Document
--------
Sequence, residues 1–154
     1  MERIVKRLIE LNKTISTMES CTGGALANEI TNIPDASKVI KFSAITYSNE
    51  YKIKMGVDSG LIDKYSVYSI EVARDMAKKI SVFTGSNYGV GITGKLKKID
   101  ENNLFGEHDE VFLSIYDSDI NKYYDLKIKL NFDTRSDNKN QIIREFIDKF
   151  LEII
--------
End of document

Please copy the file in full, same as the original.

Sequence, residues 1–154
     1  MERIVKRLIE LNKTISTMES CTGGALANEI TNIPDASKVI KFSAITYSNE
    51  YKIKMGVDSG LIDKYSVYSI EVARDMAKKI SVFTGSNYGV GITGKLKKID
   101  ENNLFGEHDE VFLSIYDSDI NKYYDLKIKL NFDTRSDNKN QIIREFIDKF
   151  LEII